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Steam tractor

Her name is Titaness, since you probably can’t read it spelled out in gold leaf on the side. I don’t know if she took her turn plowing. Seems like a machine like this would mash down more soil than it tore up.

And with that, I’m off for a book and a gin. I think I have a little bug; I’ve been dragging tail for a few days.

Comments


Comment from Ric Fan
Time: September 4, 2019, 9:07 pm

North Norfolk News @nthnorfolknews
Sep 3
A traditional blessing took place last weekend which attracts farmers and communities alike, each year, when the local vicar performs a service and blesses ploughs and tractors, symbols of the work of ploughing, sowing and reaping carried out by the…
https://twitter.com/nthnorfolknews/status/1168873792002609153

 


Comment from Some Vegetable
Time: September 4, 2019, 9:28 pm

I am currently reading Tom Swift And His Motorcycle, written somewhere around 1910 or so. It fascinates me to see how much the world has changed in only 100 years. Here’s a tiny sample passage that sort of sums up the state of the world at the time.

“That’s right, Master Tom. I’ll keep steam up in the boiler to-night, though we don’t really need it, as your father told me you would probably not run any machinery when he was gone. But with a good head of steam up, and a hose handy, I can give any burglars a hot reception…” said the old engineer, who had a living-room in a shack adjoining the boiler-room.

So all the machines in the shop are steam driven, it’s totally acceptable to hose down burglars with raw steam, and the engineer (who works for Tom Swift’s rich father) lives in a shack adjoining the boiler-room.

Oh, and in another interesting passage, Tom has the spark plug wire stolen from his motorcycle. Clever Tom is able to make a temporary substitute by using a piece of barbed-wire (wrapped in linen torn from his shirt for insulation). The substitute works fine until Tom is able to reach the next town and obtain a piece of copper wire ….from a plumber.

 


Comment from The Neon Madman
Time: September 4, 2019, 9:30 pm

As I understand it, those tractors weren’t used so much for plowing, etc like modern tractors but more as mobile sources of power to belt-drive sawmills and other farm equipment. They could haul the equipment around in the field and power it.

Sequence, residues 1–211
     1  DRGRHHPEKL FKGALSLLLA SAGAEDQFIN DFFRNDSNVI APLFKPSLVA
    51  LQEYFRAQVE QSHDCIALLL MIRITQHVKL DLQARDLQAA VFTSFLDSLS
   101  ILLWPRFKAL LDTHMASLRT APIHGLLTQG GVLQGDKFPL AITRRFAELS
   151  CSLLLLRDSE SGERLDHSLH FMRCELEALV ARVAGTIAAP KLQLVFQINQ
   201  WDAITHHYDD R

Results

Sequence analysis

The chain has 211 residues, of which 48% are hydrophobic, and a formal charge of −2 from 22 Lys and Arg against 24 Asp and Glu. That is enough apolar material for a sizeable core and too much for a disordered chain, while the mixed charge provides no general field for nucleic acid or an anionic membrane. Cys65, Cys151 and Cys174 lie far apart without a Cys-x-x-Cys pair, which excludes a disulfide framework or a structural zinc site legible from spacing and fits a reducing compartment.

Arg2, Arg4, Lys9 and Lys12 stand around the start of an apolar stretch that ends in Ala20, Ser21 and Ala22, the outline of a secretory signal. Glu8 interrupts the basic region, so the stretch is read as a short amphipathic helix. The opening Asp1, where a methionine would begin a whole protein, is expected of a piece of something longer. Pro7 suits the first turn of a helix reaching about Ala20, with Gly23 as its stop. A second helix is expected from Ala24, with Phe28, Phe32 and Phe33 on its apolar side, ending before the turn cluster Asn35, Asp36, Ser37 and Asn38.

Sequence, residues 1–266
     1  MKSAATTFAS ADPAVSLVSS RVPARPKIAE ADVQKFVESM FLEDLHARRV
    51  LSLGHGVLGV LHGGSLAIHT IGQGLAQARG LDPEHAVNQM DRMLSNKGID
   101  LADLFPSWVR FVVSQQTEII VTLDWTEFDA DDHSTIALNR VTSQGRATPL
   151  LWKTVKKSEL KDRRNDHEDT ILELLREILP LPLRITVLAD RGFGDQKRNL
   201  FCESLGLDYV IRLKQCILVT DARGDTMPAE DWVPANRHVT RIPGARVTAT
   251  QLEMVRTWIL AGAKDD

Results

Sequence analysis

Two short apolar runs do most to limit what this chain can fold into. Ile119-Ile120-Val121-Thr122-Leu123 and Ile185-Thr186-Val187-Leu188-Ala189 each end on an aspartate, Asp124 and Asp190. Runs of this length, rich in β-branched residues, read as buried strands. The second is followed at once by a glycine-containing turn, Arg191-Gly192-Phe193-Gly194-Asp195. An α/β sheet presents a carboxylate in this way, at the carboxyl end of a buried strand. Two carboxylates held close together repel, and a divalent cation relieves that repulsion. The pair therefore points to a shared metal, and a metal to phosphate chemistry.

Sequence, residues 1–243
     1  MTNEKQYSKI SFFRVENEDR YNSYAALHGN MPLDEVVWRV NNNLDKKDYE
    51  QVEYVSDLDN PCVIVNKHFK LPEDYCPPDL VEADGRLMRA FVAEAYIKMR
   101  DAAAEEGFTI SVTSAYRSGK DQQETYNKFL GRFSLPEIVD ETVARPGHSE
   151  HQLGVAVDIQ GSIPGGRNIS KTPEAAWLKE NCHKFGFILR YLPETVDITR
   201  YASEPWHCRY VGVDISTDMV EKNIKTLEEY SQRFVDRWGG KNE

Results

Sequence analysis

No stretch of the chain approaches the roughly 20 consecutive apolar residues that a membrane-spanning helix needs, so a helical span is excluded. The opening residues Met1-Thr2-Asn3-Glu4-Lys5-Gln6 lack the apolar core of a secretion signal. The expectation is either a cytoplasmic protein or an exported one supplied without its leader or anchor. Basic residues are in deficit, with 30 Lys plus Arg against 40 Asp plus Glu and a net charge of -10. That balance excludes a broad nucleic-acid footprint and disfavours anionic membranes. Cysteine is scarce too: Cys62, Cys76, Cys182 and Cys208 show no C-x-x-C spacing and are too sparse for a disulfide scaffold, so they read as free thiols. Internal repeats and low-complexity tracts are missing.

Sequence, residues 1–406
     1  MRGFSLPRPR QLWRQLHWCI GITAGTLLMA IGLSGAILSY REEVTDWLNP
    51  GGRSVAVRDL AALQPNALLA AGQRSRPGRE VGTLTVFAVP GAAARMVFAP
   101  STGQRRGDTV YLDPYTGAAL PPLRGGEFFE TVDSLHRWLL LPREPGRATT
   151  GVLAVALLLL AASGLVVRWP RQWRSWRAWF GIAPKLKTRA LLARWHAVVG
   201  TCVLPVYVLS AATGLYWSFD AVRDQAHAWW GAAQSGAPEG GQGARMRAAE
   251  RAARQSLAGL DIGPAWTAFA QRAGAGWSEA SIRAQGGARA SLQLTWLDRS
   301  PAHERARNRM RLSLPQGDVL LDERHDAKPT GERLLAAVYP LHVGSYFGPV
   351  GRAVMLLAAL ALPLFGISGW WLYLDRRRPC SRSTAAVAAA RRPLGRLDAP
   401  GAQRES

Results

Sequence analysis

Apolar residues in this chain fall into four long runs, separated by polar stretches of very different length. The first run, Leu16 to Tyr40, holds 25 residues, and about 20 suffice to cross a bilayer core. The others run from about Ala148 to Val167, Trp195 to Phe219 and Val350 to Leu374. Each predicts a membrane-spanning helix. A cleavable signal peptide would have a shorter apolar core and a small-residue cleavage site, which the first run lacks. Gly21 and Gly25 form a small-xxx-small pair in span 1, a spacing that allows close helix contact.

Comment from Durnedyankee
Time: September 5, 2019, 12:41 pm

Indeed, it’s as much a mobile boiler driving a flywheel as anything else.

The barn I played in as a kid had a Snidely Whiplash caliber buzz saw in it that my GF and his brothers used to haul out into the woods on skids during the winter, powered by a steam engine attached belt, and his brother had, up until he died back in 1996 or so, a boiler in his barn with a series of levers to engage/disengage leather drive belts for various tools (band saw, buzz saw, lathe, drill) in other parts of the barn.

I regret not being more interested but I was young and stupid then instead of just old and foolish now.

 


Comment from Deb\’s Tablet
Time: September 5, 2019, 3:11 pm

You have to appreciate how much the fella loves the old girl. Titaness in gold leaf.

 


Comment from Uncle Badger
Time: September 5, 2019, 7:26 pm

We’ve actually seen demonstrations of that ploughing technique, with a single steam engine and the plough towed back and forth across the field on steel cables.

I hate to sound like someone’s granny. but let’s just say that, as a process, it wouldn’t meet today’s health and safety standards!

There are plenty of these old steam engines left in the UK and rallies right across the country held to show them off.

 


Comment from DurnedYankee
Time: September 5, 2019, 9:41 pm

Uncle B, most of the things that made us civilized countries wouldn’t pass today’s health and safety standards.

 

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